Spillovers from the Mexican Crisis

Directors noted that the Mexican crisis and subsequent liquidity problems in Mexico’s short-term debt markets had triggered a broader re-evaluation of prospects in emerging markets. They observed that, although most emerging markets had been tested, those most affected by the spillovers of the Mexican crisis were those that also were perceived to have had one or more such weaknesses as low saving rates, misaligned exchange rates, large fiscal and current account deficits, fragile banking systems, and extensive foreign debt. Countries with stronger economic fundamentals had been affected less. Directors suggested that the international support provided to Mexico and the policy adjustments made by developing countries had been instrumental in containing contagion effects. Several Directors pointed out that the flow of funds to emerging markets was largely determined by economic fundamentals related to domestic policies in recipient countries. Directors also observed that net capital flows to developing countries would persist in the foreseeable future and could be sizable, as institutional investors in industrial countries continued to pursue international diversification of their portfolios.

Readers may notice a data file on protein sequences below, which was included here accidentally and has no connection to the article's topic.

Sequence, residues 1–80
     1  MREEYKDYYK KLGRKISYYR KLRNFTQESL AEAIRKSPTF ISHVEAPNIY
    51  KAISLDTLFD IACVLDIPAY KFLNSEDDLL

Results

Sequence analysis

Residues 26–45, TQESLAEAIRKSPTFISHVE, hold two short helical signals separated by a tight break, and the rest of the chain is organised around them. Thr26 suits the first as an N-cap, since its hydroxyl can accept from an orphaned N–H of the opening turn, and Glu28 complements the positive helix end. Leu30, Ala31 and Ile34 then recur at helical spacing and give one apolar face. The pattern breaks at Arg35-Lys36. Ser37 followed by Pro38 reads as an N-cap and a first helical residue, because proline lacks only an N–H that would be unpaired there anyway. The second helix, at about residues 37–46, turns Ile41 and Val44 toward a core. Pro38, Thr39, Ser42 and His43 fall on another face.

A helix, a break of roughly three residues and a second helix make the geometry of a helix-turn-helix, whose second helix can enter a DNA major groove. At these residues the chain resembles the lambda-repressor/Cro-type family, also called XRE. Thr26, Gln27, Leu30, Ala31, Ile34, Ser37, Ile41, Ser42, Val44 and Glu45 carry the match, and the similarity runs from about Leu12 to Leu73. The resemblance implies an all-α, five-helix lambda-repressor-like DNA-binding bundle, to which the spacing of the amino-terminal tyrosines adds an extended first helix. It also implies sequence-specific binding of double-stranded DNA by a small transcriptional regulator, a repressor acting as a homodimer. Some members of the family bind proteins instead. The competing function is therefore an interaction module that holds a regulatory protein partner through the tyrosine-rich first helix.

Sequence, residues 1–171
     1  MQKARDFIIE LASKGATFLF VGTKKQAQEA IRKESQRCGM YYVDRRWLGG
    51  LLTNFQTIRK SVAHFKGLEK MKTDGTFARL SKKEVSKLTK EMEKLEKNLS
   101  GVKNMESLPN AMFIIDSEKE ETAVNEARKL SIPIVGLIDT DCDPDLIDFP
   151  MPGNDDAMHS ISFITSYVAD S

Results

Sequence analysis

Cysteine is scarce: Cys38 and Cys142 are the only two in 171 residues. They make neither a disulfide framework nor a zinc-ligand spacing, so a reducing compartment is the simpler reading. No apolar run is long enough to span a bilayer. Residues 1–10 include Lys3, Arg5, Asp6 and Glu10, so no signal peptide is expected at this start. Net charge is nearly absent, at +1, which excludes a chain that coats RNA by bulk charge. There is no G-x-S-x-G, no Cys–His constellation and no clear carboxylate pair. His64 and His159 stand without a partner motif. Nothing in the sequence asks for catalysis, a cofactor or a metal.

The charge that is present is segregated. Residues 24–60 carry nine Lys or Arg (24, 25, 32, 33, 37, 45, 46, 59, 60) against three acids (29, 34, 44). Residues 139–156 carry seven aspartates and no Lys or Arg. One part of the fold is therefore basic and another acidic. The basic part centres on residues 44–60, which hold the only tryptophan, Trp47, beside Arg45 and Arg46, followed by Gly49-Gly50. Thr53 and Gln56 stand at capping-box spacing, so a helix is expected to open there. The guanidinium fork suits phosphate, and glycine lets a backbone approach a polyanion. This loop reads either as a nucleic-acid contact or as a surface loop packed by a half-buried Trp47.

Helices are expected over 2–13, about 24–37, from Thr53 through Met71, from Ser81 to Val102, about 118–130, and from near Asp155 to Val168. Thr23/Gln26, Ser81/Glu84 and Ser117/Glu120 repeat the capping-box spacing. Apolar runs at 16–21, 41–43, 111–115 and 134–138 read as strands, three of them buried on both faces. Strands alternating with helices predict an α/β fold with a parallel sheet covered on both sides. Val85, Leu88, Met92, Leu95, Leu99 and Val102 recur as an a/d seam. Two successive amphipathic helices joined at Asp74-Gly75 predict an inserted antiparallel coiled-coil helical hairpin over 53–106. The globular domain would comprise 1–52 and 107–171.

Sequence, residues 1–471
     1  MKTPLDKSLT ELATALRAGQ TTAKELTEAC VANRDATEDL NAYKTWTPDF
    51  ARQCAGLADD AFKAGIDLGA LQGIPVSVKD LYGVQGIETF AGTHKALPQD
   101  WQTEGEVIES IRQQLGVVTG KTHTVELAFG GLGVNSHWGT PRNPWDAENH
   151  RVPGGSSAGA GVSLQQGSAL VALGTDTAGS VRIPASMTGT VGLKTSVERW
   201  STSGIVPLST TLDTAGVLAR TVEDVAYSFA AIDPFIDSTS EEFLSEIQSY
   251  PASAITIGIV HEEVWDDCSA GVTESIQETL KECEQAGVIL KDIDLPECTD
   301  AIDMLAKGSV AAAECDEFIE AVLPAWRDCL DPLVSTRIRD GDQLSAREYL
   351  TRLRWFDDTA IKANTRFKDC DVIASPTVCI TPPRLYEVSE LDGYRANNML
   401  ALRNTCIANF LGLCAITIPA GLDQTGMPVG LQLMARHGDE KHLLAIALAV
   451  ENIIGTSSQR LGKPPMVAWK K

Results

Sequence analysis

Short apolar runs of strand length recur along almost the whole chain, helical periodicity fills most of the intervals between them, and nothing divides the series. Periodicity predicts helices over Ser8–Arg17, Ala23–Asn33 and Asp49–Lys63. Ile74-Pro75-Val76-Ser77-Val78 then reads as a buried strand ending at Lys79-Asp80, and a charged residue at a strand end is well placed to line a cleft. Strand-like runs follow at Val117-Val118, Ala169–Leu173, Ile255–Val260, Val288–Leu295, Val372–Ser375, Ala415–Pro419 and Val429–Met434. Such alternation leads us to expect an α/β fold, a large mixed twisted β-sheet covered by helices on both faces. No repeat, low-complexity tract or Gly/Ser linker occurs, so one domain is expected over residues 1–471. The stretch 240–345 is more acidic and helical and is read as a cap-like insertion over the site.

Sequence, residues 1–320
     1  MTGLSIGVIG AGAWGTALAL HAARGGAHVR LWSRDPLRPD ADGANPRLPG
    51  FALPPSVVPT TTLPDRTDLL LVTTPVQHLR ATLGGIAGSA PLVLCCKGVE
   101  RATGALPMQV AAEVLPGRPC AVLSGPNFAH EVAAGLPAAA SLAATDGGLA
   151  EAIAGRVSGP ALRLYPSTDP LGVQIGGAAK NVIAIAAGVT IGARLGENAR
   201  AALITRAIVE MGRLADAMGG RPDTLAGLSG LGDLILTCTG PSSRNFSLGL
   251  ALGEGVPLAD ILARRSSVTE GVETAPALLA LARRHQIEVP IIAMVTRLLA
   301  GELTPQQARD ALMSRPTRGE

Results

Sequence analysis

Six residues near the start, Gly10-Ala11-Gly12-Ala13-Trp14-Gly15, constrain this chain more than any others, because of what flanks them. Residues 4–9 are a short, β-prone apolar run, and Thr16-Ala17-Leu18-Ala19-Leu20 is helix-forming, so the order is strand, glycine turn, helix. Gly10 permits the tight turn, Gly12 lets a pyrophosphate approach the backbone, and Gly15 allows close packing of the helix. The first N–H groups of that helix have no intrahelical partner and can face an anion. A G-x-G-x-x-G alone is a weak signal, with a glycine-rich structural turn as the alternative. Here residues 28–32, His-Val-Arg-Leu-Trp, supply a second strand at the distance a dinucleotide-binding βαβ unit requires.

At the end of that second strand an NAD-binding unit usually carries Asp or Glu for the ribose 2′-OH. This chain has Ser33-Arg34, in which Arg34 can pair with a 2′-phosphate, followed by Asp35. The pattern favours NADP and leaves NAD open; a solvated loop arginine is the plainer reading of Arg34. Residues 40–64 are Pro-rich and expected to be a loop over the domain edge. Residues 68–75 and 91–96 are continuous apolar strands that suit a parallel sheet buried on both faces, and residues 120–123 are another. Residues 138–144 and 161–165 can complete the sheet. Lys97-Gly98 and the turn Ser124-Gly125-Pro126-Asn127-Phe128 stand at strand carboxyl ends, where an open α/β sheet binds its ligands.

Several Directors observed that data suggested that capital outflows from Mexico during 1994 had been caused largely by an increase in foreign claims by Mexican residents, rather than by sales of peso-denominated claims by foreign investors. Other Directors suggested that the data on capital outflows were not conclusive because of the difficulty in distinguishing between resident and nonresident transactions. Some Directors suggested that the staff examine the feasibility of monitoring portfolio adjustments of residents and nonresidents as an early warning signal of financial crisis.

Capital Flows to Developing Countries